Five Things You Need to Know to Start Your Day
Elon Musk has had enough of speculators, Erdogan has no easy choices, and that Ohio special election looks ominous for the GOP. Here are some of the things people in markets are talking about today.
$82 billion tweet
Tesla Inc.’s Elon Musk dropped a bombshell on Twitter yesterday when he said that he was thinking of taking the company private at $420 a share. Musk elaborated on his motivation in follow-up tweets and an email to employees, saying he wanted to escape the pressure from stock investors for short-term gains. But he failed to provide details on the “secured” funding for what could be the largest-ever leveraged buyout. Tesla stock rose 11 percent to $379.57 by yesterday’s close, leaving a considerable discount to the proposed $420 mark as markets maintain a level of skepticism on whether Musk can pull this off.
Market reality v Erdogan
The Turkish lira is holding close to 5.300 to the dollar this morning as traders await President Recep Tayyip Erdogan’s next move. The problem he faces is that any solution that will appease markets involves backing down on current policy, something the president is not famous for. The central bank is coming under more pressure to raise rates, with Investec Asset Management calling for a 500 basis point hike to 23 percent. While there is a chance to de-escalate the diplomatic crisis with the U.S. as a Turkish delegation heads to Washington, markets are demanding more action to stabilize the lira.
The special election in Ohio has seen the incumbent Republican candidate reduced to a wafer-thin majority by his Democrat opponent in what has traditionally been a safe GOP seat. The November vote is also becoming a greater concern for GOP strategists. Some 68 Republican-held House districts, with voting patterns traditionally more favorable to the Democrats compared with Ohio, are up for grabs. Democrats need a 23-seat net gain to take control of the House. Another worry is the threat from election hacking, with cybersecurity experts warning that the administration isn’t adequately defending the vote from outside meddling.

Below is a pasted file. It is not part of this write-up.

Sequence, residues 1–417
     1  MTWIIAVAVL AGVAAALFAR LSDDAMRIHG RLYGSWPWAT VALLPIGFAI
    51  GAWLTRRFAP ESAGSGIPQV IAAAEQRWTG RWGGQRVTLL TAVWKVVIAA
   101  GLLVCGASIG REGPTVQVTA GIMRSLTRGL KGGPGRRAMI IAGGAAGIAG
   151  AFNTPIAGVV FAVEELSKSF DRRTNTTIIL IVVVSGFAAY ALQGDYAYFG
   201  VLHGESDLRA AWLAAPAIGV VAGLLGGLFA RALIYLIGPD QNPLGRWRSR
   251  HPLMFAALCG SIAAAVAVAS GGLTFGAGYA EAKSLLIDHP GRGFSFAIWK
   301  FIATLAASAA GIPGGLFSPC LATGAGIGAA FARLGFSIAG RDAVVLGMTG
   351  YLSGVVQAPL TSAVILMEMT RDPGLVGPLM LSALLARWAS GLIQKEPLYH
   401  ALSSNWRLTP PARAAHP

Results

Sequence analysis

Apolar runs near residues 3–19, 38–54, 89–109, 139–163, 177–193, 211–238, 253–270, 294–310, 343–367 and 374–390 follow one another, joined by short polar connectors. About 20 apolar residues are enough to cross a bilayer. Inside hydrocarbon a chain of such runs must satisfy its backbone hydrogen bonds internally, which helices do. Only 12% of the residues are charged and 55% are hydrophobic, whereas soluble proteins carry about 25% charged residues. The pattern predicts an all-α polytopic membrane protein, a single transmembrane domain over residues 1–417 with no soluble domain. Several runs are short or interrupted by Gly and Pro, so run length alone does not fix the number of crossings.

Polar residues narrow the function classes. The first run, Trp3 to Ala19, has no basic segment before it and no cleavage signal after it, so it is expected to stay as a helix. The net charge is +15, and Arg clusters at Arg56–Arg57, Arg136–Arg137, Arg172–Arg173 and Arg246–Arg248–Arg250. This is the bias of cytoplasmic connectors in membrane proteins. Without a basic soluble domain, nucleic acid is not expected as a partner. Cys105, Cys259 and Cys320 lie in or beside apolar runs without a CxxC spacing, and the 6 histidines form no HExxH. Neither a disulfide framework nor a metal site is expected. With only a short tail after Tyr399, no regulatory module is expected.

Overnight, the MSCI Asia Pacific Index advanced 0.3 percent while Japan’s Topix Index closed 0.1 percent lower ahead of high-level economic talks between U.S. and Japanese officials. In Europe, the Stoxx 600 Index was 0.1 percent lower at 5:50 a.m Eastern Time in a relatively quiet trading session. S&P 500 futures pointed to a small gain at the open, the 10-year Treasury yield was at 2.969 percent and gold was slightly higher.
The U.S. said in a statement that it will begin imposing 25 percent tariffs on an additional $16 billion of Chinese goods from Aug. 23. The list of goods hit includes motorcycles to steam turbines and railway cars. There was little sign of the trade war taking a toll yet on the country’s trade, with data released overnight showing exports rose faster than expected in July, leaving a surplus for the month at $28 billion. The country’s official factory gauge has been cooling against the backdrop of a weakening yuan, adding to the view that the Chinese economy may be set for a slowdown.
What we've been reading
This is what's caught our eye over the last 24 hours.
- Gates says he lied, stole and cheated, but trust him anyway.
- EU banker exodus hits London property market.
- Is Xi’s bold China power grab about to backfire?
- Liquidity crunch is the new bubble gripping credit investors.
- The top six contenders to fix the world’s oldest phone company.
- Bitcoin speculators, not drug dealers, dominate crypto use now.
- Using big data to micro-mange cities.
©2018 Bloomberg L.P.